While we’re busy toting our reusable bags to the grocery and desperately recycling takeout containers, plastic is hiding in plain sight in everything from our computer cords to remote controls. Every year, 10 million tonnes of plastic goes into electronic products, very little of which is recycled.
Industrial designers at Google are trying to reverse this trend. They’ve been incorporating recycled plastic into their suite of products, including Nest mini speakers and Pixel phones, and this week, they launched a new Pixel phone case with a knitted texture, made from 70% recycled plastic.
Plastics Pile Up as China Refuses to Take the West’s Recycling
LONDON — Ever since China announced last year that it no longer wanted to be the “world’s garbage dump,” recycling about half of the globe’s plastics and paper products, Western nations have been puzzling over what to do when the ban went into effect, which it did on Jan. 1.
The answer, to date, in Britain at least, is nothing. At least one waste disposal site in London is already seeing a buildup of plastic recyclables and has had to pay to have some of it removed.
As seaweed and barnacles attach to the plastic it is beginning to sink and it also degrades and falls apart. Much of the Great Pacific Garbage Patch is not visible and is floating 3-5 feet under the water’s surface. These polymer pollutants can be scooped up out of the water the way netters round up and catch large schools of eatable fish with mile long nets.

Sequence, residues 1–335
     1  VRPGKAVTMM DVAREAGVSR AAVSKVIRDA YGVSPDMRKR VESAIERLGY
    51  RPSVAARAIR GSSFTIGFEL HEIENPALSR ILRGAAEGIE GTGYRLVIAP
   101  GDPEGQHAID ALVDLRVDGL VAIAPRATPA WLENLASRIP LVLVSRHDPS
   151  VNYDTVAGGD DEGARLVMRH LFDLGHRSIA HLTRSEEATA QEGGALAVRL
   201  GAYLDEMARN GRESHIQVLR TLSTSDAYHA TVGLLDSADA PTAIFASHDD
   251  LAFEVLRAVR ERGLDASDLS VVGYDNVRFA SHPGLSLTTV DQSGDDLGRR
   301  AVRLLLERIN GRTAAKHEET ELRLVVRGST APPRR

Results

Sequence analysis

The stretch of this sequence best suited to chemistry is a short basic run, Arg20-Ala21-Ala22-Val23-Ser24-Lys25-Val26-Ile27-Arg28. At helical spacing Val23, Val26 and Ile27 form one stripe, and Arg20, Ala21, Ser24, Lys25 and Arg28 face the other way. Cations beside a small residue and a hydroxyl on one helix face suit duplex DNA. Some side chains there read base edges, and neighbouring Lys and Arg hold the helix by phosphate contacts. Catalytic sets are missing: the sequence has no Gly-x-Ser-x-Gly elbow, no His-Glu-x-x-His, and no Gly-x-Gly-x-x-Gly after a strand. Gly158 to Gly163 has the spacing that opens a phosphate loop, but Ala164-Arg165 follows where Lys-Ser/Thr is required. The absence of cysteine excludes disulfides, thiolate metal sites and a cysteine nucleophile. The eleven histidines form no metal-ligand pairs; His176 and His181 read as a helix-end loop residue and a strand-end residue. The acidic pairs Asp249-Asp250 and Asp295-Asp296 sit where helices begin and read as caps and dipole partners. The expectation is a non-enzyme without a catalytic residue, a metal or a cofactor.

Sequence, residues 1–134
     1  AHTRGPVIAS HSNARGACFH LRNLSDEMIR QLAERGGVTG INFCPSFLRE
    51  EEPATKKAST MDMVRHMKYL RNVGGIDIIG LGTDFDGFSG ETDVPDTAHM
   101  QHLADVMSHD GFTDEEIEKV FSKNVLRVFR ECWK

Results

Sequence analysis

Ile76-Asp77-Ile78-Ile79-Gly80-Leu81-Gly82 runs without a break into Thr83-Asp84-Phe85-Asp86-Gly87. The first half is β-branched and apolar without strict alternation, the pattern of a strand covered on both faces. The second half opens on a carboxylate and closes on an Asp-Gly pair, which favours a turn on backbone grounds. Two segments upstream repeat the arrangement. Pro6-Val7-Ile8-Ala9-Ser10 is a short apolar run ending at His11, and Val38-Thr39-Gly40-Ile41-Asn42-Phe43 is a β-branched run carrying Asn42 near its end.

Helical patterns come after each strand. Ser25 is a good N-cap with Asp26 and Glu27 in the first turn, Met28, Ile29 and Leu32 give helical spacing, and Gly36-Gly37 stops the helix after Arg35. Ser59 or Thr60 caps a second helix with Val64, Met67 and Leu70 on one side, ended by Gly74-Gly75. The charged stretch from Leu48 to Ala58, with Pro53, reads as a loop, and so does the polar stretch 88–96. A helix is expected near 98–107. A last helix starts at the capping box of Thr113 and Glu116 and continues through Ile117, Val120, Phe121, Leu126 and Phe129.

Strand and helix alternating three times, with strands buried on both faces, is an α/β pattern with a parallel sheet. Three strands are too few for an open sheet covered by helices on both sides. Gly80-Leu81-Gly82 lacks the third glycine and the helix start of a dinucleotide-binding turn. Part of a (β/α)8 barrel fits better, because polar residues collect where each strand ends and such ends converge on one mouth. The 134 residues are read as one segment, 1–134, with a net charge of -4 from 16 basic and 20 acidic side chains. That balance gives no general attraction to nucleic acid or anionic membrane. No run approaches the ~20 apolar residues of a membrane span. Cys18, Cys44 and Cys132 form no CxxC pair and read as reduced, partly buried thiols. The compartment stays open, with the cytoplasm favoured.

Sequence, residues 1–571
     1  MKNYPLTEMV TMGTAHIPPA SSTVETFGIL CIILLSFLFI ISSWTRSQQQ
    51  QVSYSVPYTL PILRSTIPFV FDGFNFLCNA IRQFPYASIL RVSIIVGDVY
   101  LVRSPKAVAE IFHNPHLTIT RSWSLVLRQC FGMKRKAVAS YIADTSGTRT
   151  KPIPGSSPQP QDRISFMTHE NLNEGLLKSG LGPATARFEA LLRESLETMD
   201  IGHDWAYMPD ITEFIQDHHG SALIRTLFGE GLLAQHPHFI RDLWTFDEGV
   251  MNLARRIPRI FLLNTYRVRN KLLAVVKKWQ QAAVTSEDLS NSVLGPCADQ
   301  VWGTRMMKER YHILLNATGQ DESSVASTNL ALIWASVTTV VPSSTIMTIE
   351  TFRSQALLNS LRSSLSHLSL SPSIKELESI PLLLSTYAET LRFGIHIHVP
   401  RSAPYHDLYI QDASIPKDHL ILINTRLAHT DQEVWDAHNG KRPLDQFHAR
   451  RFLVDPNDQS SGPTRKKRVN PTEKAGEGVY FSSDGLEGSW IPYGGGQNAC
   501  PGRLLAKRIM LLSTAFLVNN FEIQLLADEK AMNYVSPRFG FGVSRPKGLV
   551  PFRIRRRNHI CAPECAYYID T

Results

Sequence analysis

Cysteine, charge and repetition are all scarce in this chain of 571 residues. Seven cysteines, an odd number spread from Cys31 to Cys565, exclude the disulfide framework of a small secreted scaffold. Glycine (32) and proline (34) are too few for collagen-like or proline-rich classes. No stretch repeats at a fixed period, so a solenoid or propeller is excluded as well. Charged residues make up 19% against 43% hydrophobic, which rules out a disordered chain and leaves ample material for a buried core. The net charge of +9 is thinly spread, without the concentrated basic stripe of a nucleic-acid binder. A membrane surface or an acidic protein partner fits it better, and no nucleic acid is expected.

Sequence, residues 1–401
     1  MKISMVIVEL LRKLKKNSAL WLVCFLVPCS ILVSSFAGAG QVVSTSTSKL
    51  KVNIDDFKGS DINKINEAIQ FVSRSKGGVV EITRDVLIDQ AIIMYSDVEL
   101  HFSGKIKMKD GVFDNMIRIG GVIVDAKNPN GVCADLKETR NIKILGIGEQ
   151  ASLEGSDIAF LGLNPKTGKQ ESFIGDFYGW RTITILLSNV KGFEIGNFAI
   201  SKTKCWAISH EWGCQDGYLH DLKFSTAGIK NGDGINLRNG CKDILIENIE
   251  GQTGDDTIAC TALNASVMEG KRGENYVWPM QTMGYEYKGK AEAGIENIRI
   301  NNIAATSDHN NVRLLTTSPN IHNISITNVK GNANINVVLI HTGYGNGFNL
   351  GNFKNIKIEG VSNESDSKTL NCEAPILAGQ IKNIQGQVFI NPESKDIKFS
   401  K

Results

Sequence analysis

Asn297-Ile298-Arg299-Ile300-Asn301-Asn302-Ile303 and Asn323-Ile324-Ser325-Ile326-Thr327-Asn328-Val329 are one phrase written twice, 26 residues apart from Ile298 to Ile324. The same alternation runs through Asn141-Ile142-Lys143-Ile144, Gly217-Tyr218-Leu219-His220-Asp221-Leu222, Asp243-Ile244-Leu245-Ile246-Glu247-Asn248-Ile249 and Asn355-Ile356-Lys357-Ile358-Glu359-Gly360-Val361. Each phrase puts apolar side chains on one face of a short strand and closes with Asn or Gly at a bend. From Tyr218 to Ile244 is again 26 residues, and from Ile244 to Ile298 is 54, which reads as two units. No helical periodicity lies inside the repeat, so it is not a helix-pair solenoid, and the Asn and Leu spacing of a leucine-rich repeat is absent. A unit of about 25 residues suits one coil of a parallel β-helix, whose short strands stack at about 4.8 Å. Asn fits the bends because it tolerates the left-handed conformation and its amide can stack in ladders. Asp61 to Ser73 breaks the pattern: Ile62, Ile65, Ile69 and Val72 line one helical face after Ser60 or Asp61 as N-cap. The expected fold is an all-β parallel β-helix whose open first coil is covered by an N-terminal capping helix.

The urgent problem is that the sun and salt is rapidly breaking down floating plastic into small particles and it’s starting to float around the world. As this continues and increases it then is impossible to collect. The small particles are then ingested by birds, fish and mammals and many seabirds and turtles have plastic in their stomachs now.
Most plastics are not compatible with one another and there is more than enough mixed plastics on land now to make recycled plastic products such as lumber, pipes and nursery products. There is a glut of mixed plastic material resources already around the globe. It is entirely unrealistic to project that the difficult to sort and reprocess commingled plastic harvested from the Pacific is going to be sold and used, therefore it must be used to fuel power generating turbines. Another viable option for marine plastic debris is converting it into fuel with plastic to fuel (PTF) technologies, which has been accomplished on land for many years. Thetechnology for both processes is readily available and currently commercially utilized and once again large factory ships could be retrofitted as on-site ocean going recycling plants. The ships could be powered by the fuel they recycle and sell off the surplus at profit to perpetually fund the operation.
It is time that “We the People” of the planet champion this cause that is literally threatening our very survival on Earth. Plastics for packaging and consumer products are two of the fastest growing industries in the world. Take a look in any store – just about everything is now individually packaged and wrapped for single use. It’s hard to find a product that does not contain plastics or is all plastic. Much of it is ending up in our oceans and only after we use it one time! Plastics make our life better but, at the same time, we must take responsibility for its environmentally safe disposal and recycling, post use.
As producers and consumers of disposable plastics products that are now choking our life-giving seas to death, we must act fast as a civilization to solve this problem. Every day we delay it gets horribly worse and harder to solve. No person or plastics company can pass the buck any longer.